Treatment for methaqualone dependence in adults - art. no. CD004146.pub2
ABSTRACT Methaqualone is a potent quinazoline, a class of sedative-hypnotics, that has a high potential for abuse. While the oral use of methaqualone (Quaalude, Mandrax) has waned in western countries since the mid-late 1980's, the practice of smoking methaqualone is a serious public health problem in South Africa, other parts of Africa and India. In the context of diminishing resources devoted to substance abuse treatment in regions affected by methaqualone abuse, it would be desirable to base treatment on the best evidence available. This review aimed to provide health care workers, policy-makers and consumers with the necessary information to make decisions regarding effective treatment of this highly dependence-producing drug.
To compare the effectiveness of any type of pharmacological or behavioural treatment administered in either an in-patient or out-patient setting compared with either a placebo or no treatment or a waiting list, or with another form of treatment administered in either an in- or out-patient setting.
The authors searched the following databases: Cochrane Drugs and Alcohol Group'Register of Trials (February 2004); Cochrane Central Register of Controlled Trials (CENTRAL-The Cochrane Library, Issue 2, 2004); MEDLINE (OVID - January 1966 to february 2004), PsycInfo (OVID - January 1967 to february 2004). Relevant conference proceedings and reference lists of relevant articles were hand-searched. Broad internet searches were conducted and contact made with experts in the field.
All randomised controlled trials and quasi-randomised trials of the effectiveness of treatment programmes (in- or out-patient) for methaqualone dependence and abuse were considered for inclusion in this review.
The authors independently assessed study eligibility and quality.
No studies were found that met the inclusion criteria.
To date, no randomized controlled trials appear to have been conducted. Consequently, the effectiveness of inpatient versus outpatient treatment, psychosocial treatment versus no treatment, and pharmacological treatments versus placebo for methaqualone abuse or dependence has yet to be established.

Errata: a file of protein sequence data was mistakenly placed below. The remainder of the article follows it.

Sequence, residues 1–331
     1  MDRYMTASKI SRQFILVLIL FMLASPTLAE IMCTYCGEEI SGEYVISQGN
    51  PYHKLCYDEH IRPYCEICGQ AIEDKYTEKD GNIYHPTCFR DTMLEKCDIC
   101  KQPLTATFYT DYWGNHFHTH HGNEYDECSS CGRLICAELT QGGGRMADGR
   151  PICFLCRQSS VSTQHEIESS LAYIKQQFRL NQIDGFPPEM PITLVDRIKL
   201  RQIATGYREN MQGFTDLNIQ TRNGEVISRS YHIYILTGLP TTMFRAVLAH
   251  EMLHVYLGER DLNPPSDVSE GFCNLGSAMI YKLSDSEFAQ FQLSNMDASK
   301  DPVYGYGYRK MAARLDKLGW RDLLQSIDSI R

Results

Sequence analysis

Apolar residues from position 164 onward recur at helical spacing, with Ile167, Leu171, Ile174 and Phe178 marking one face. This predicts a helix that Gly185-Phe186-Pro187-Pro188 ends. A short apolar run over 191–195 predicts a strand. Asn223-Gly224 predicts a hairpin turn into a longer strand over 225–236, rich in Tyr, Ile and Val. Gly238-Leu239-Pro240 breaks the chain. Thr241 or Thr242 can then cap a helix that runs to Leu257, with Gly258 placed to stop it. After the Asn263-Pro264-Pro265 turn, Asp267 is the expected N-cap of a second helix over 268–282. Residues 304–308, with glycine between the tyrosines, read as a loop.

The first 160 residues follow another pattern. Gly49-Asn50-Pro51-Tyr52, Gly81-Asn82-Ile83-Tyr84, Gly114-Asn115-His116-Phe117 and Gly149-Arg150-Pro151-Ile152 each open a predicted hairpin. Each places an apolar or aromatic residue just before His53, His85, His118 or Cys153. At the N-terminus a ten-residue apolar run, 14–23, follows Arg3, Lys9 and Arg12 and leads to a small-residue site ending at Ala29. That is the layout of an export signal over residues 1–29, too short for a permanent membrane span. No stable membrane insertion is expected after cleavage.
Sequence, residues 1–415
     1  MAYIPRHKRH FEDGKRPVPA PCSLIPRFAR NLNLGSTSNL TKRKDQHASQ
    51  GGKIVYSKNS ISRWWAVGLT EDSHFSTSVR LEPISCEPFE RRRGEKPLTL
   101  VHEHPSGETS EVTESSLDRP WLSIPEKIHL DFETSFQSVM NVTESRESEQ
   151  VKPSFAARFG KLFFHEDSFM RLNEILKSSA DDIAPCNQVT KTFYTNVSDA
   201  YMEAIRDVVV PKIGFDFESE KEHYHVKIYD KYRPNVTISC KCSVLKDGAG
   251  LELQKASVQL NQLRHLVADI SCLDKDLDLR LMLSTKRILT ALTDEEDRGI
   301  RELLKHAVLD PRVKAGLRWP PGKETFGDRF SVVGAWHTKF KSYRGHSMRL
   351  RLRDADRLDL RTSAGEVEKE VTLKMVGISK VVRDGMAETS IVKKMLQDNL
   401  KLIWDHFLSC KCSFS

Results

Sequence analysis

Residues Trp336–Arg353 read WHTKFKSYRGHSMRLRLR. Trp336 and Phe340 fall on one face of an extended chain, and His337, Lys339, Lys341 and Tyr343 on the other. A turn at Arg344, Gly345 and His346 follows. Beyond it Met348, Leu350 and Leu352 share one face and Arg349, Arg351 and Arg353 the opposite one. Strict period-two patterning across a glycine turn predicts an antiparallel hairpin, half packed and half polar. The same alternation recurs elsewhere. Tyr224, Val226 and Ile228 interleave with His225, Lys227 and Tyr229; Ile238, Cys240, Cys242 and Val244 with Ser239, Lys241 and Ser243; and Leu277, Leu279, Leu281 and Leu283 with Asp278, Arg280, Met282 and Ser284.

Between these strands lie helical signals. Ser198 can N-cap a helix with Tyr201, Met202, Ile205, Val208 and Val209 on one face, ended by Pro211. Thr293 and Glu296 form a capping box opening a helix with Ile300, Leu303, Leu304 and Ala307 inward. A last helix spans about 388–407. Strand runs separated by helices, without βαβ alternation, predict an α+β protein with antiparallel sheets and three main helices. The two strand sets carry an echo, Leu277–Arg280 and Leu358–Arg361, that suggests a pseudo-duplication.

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ABSTRACT: The study was conducted in response to the lack of epidemiological data in recent time on the use of psychoactive substances by adolescents in metropolitan Lagos-a city unique for its socio-economic profile. We considered some methodological issues omitted in several previous studies. A total of 4,286 school pupils (mean age 15.2) were anonymously administered a Self-Report Questionnaire to ascertain a range of key drug use factors in lifetime and 1-year periods. The rate of use of most of the 14 substances investigated was much higher than reported in any other study on comparable population sample. We found that 61.8 and 32.1% of respondents have used one or more substances in their lifetime and in the past 1 year, respectively. High lifetime rates of use were found for common stimulants: coffee, kolanut, and prescription drugs (barbiturates and minor tranquilisers). The rate of use of proscribed addictive substances, cannabis, heroin, and cocaine, ranged between 4.0 and 4.8%. Missing data and non-response rates were few; however, social acquiescence, under and over reporting, could be mitigant to estimation of rates and patterns of use. We advocate properly articulated school-based educative programmes that can facilitate drug demand reduction.European Child & Adolescent Psychiatry 06/2011; 20(7):351-9. DOI:10.1007/s00787-011-0180-6 · 3.55 Impact Factor